The Portuguese minimum wage in 2015 was 505 euros in 14 payments. Seven years later, after five years of more or less cordial agreement between the government of the Socialist Party (PS) with the Bloco de Esquerda (BE) and the Communist Party of Portugal (PCP), and another two of progressive disagreements, the basic salary is of 665 euros. It is little; This week, in the midst of rising fuel prices, filling the tank of a passenger car cost more than 100 euros. In the frustrated negotiations of the budgets for next year, the Socialists proposed raising it to 705. The Communists, to 805. There was no way to reach an agreement.
This example of the shopping list is just one of the constant and resounding disagreements that prevented the accounts from going forward, despite the ultimatum of the President of the Republic, the conservative Marcelo Rebelo de Sousa, who this week plans to announce the date of the elections. In the direction of the PCP they explain that the differences are many and long-term. “The PS does not do left-wing politics. We never had any illusions,” summarizes Pedro Guerreiro, a member of the Secretariat of the Central Committee of the PCP.RELATED
In the PCP of the 80s, the current of Eurocommunism was hardly felt. It is a party, in that sense, orthodox, with strong union muscle and a presence on the street. Guerreiro repeats several times during the interview: “We are guided by the defense of the rights of workers and the Portuguese people.” He also protests that he is blamed for an alleged negotiating inflexibility: “Wow. We have done nothing but be flexible. We have not wasted a single opportunity. But we cannot accept that needs are not met when the means exist.”
“The situation demands a global response,” says Guerreiro, who recalls the “policy of destruction” of the troika As a result of the financial crisis of a decade ago, only partially reversed, in his opinion, by the Government of Prime Minister António Costa: “An understanding was reached to recover rights, particularly of the most vulnerable population, but it was not a rupture “. Among the issues that led to the final disagreement, the disagreements regarding salaries in the public administration, “which has been losing purchasing power for 12 years,” or the “serious danger” of implosion of the National Health System, with the rout of professionals to the private because of bad wages. “They needed signals in another direction that the PS did not give,” he sums up.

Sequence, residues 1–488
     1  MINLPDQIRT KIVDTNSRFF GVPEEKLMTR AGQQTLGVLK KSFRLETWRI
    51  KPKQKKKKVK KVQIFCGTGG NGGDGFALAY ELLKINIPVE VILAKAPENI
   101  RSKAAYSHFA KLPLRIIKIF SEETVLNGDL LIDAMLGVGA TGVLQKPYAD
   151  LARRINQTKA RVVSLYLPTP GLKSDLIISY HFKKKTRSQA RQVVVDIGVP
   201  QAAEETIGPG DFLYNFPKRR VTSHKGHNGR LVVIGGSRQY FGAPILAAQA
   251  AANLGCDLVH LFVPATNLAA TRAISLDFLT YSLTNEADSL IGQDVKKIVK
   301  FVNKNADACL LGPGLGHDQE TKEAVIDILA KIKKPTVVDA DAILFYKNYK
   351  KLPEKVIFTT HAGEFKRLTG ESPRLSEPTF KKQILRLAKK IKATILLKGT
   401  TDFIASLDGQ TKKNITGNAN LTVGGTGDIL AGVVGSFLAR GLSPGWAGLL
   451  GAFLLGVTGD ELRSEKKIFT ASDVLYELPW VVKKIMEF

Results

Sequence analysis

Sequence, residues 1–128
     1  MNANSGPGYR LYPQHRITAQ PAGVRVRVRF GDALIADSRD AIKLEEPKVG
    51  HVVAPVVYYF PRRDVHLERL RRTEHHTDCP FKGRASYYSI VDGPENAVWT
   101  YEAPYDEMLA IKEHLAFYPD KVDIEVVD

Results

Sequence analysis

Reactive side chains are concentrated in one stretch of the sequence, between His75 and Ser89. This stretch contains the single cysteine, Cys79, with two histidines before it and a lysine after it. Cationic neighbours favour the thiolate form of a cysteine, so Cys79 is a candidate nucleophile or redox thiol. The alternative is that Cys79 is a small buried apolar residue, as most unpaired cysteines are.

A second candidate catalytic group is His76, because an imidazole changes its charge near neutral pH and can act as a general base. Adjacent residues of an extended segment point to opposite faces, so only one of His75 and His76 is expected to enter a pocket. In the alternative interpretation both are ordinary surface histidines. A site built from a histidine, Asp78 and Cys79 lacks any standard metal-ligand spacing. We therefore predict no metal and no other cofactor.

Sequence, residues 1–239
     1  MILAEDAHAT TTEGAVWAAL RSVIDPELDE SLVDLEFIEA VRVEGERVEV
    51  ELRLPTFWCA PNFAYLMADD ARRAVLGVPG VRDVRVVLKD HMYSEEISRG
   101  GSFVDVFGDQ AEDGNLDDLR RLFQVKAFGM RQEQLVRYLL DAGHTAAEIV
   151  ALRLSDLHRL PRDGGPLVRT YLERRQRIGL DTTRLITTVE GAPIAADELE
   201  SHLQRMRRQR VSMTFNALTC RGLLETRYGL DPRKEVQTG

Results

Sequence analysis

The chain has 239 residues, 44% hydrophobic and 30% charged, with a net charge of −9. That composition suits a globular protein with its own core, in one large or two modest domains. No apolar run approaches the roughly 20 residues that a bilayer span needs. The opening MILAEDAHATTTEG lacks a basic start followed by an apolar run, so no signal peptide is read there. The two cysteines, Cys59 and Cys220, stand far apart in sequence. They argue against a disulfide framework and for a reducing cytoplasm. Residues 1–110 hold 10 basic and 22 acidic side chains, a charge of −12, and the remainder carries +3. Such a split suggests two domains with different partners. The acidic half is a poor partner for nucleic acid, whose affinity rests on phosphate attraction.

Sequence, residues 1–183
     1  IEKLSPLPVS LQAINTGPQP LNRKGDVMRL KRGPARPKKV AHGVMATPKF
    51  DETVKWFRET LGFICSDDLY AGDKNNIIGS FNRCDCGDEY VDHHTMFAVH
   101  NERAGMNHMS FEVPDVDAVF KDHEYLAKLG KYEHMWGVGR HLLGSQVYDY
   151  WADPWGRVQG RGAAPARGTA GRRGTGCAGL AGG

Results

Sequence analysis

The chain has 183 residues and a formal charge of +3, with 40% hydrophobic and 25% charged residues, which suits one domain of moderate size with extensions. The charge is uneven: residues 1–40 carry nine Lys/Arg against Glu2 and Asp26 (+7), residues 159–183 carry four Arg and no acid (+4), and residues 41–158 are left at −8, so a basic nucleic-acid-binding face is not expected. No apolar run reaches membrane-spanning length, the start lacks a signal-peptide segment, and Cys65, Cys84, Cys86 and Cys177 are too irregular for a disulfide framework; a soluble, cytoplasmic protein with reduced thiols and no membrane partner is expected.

The PCP does not like the word “jeringonza” that has come to designate the 2015 agreement between communists, the BE and the PS, a “derogatory” term that connects with the rejection of “the large economic and financial groups” of their influence. in general politics. “There was a tacit agreement that the communists could not participate in government solutions, an idea that they were excluded from democracy. That campaign has continued,” he criticizes. But the period allowed successes with his rubric, among which he points out the free school textbooks or the decrease in the price of metropolitan transport, which came to exceed 30% in the Lisbon area.
Guerreiro asks not to pay too much attention to the comparison with Spain. The political and economic history is not the same, it justifies. Even so, the coldness with which the PCP and the BE dealt with each other can strike, when in the neighboring country the PCE and Podemos, very imperfect counterparts, stand together in the elections. In fact, it is difficult for him to refer to the other party by name, and he refers to it on one occasion as “other leftist formations.” “It is an institutional deal, the conditions are not in place for another type of relationship,” he says, pointing out fundamental differences, such as positions vis-à-vis the European Union, with which the communists are very critical. “Institutions are built in the image of the great powers […] We cannot accept a subordinate position, “censorship.
The thesis that the working class can be tempted by far-right forces in a context of persistent loss of economic security does not concern the PCP, which continues to maintain a very active militancy. “We do not have elements that make us think about that.” He points out that the anticipated rise of forces like Chega [“Basta”] It responds more to a reaction from the right and the related media, which give space to organizations “that question the Constitution of the Republic, which basically is heir to the democratic project of the April Revolution”, and that only translates electorally, trusts, in transfers within the ideological bloc of the right.
Although the communists are critical of Rebelo de Sousa’s ordeal (“it would not be the first time that the budget has not been approved without elections,” he recalls), they remain on the line of resisting to condition the PS, whom they see coveting. the absolute majority. “If it was possible to regain rights, it was because the PS did not have a free hand. We will once again remind the people, with our means, that they are less than those of others.”